In 1989, a beautiful, athletic, and intelligent young woman named Mandy Stavik went missing while out on a run in her home of Whatcom County, Washington. 30 years later, authorities arrested a man named Timothy Bass with her murder.
Tonight, ABC News’ 20/20 will zero in on the life and death of Mandy Stavik. The segment will feature interviews with Mary Stavik, Mandy’s mother, Gina Malone, Bass’s ex-wife, Kim Wagner, Bass’s coworker, Molly Brighton, Mandy’s sister, Bridget Whitson, Mandy’s stepsister, Rick Zender, Mandy’s former boyfriend, and others.
Here’s what you need to know.
1. Mandy Was an Avid Athlete
According to her mother, Mandy was an avid athlete. Mary Stavik tells the Bellingham Herald that her daughter played sports all the time. “There was no sport she didn’t play,” Mary said.
The Stavik family moved to Whatcom County shortly after Mary’s good friend made the move. At the time, Mandy was in 7th grade. In school, she was involved in band, sports, academics, and a number of other activities. She enjoyed varsity basketball and softball, the flute, clarinet, and saxophone, and was an honor student who spoke Japanese. She was even fluent in sign language.
Speaking to The Associated Press, a former teacher said, “She was a high achiever… She wanted to do well in everything she did. She had it all going for her; she had a bright future ahead of her.”
In 1989, when she was 18, Mandy left for school at Central Washington University. Her older sister says she was interested in becoming a commercial pilot.
2. She Went Missing on November 24, 1989
On November 24, 1989, Mandy went for a run in the late afternoon. She took her regular route– down Strand Road to the Nooksack River.
When Mandy did not return home for several hours, her mother panicked. In her testimony, Mary shares, “I was panicked. She was so consistent in what she always did, there was no reason for her not to come back.”
Kyra, the family’s dog who had accompanied Mandy on her run, eventually came home without Mandy. That’s when the family called the sheriff’s office.
Three days later, Mandy was found dead in the river, about three and a half miles from her home.
3. Timothy Bass Was Found Guilty in May 2019
On May 24, Timothy Bass was found guilty on the verdict of first-degree murder. In July, The Bellingham Herald reported that Bass will “spend almost three decades in prison… for kidnapping, raping and murdering the 18-year-old Amanda ‘Mandy’ Stavik nearly 30 years ago.” Bass was 22 at the time of Stavik’s death.
In court, special prosecuting attorney David McEachran said, “I’ve never seen (a case) that had an impact like this one did. People felt that they didn’t have a sense of safety. It was the realization that we’re not all that safe and that there was a monster who was really living among us.”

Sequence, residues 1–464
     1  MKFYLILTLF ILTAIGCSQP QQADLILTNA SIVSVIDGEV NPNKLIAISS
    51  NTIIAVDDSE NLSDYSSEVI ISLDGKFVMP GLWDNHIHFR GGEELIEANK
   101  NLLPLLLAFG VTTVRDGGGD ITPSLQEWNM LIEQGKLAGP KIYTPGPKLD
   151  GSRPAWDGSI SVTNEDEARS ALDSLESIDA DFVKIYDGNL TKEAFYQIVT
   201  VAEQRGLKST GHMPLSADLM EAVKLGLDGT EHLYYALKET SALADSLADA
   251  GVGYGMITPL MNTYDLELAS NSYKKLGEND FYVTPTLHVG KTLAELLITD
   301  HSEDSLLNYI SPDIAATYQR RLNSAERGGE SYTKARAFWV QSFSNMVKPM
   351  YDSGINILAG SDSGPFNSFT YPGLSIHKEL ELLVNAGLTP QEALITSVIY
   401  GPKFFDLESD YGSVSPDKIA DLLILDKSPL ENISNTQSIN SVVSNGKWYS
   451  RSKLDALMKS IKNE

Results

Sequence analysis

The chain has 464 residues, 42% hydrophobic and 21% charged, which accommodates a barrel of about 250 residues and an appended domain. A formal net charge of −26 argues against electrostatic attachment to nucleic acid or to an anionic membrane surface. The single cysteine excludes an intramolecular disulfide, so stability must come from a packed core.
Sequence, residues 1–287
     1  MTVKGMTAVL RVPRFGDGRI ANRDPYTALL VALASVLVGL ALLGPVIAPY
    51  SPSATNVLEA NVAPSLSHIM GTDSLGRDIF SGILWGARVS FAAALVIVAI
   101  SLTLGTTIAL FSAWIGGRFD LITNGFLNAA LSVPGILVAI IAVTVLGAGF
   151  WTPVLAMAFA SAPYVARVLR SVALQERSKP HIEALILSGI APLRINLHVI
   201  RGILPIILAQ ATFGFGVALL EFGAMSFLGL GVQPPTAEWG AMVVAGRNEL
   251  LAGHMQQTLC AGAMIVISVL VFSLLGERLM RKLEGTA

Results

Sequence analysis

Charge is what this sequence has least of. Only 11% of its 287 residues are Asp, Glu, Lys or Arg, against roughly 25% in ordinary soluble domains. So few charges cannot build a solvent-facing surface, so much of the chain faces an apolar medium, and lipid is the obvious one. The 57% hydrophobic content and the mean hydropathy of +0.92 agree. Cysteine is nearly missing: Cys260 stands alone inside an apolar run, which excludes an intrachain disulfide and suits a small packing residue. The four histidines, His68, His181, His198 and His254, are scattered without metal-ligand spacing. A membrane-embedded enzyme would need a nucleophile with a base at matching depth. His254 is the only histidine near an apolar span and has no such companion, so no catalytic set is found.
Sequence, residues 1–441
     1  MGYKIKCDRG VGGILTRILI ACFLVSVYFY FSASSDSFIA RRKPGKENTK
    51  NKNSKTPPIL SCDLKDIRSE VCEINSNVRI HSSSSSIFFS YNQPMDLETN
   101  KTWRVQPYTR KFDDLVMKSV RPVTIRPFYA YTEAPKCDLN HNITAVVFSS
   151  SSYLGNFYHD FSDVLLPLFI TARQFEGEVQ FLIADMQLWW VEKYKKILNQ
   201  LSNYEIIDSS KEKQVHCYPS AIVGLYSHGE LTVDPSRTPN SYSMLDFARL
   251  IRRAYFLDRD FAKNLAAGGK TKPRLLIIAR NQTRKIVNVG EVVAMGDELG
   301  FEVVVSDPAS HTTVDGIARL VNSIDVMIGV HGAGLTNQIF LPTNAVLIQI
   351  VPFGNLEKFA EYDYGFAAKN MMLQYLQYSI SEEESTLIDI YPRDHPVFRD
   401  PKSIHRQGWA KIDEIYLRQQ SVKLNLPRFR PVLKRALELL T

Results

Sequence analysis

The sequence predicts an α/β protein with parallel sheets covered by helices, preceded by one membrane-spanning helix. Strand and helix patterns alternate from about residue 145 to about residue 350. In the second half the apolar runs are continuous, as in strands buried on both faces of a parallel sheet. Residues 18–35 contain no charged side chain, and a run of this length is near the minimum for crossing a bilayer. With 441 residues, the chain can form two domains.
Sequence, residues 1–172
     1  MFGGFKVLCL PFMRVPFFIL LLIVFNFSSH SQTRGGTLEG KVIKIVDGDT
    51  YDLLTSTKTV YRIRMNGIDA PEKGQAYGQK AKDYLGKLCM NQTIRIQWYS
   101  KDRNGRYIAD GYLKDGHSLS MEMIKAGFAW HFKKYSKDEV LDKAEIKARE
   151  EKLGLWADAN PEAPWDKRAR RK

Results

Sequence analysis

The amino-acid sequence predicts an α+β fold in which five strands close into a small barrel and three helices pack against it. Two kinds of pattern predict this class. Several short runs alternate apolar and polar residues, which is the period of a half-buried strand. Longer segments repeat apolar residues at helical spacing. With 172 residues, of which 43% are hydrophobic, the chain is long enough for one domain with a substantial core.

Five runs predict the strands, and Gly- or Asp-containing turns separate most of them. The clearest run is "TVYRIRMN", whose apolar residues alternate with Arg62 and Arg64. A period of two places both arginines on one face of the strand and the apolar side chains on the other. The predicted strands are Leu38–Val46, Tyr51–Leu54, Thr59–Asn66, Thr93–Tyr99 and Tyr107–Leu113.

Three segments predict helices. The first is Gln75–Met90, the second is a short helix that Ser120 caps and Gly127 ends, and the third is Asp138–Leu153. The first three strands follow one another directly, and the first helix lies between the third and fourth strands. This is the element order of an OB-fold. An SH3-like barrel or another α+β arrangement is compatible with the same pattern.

Bass’s mother took to the stand to share that her son received good grades in high school, “never caused trouble and worked hard at his job and college.” Sandra Bass added on, “He was found guilty in people’s minds way before the trial even started, and is being sent to prison on people’s emotions, not any real evidence. The prosecution wants to solve this case, even if they convict an innocent person…”
Bass was arrested in December 2017 after DNA collected from a plastic cup and Coke can he discarded matched the DNA taken from Stavik’s body.
4. A Co-Worker of Timothy Bass Helped Police Crack the Case
How did police get their hands on the Coke can belonging to Timothy Bass, to begin with? According to The Independent, police were searching the area of Bellingham, Washington, when they told an unnamed woman who was Bass’s coworker that the man was a suspect in the 1989 rape and murder of Mandy Stavik.
In court, the woman later testified, “After I asked if it was that case and who it was, I felt a basic human moral obligation to help…”
On August 10, 2017, the woman grabbed a plastic cup and a Coke can after Bass threw them away. The Independent writes, “She secretly grabbed both, put them in a Franz Bakery bag and handed them over to police. When the results came back from the state crime lab, Bass’s DNA from the soda and cup were a 1 in 11 quadrillion match to DNA recovered from the dead young woman, prosecutors say. On December 12, 2017, Bass was arrested and charged with first-degree murder.”
5. Mandy’s Running Route Went by Timothy Bass’s Home
Bass was not an initial suspect in 1989. However, according to The Independent, he refused to provide a DNA sample when police approached him.
Whatcom County Sheriff Bill Elfo tells the outlet, “At the high school, [Bass] started attending the girls’s basketball games, and watching her play basketball. When Mandy jogged with her dog, the route that would take her past Timothy Bass’s residence.”
By 2013, Bass was named a suspect by the police. It wasn’t until authorities met Bass’s coworker did they capture the killer.
Bass, the outlet goes on to note, did not have a criminal record at the time. However, in August 2010, his wife reportedly filed a domestic violence order against him. “She alleged in court filings that he was both physically and verbally abusive to her and their three children.”
Be sure to tune into tonight’s episode of ABC News’ 20/20 tonight at 9pm ET/PT to learn more about Mandy Stavik’s case.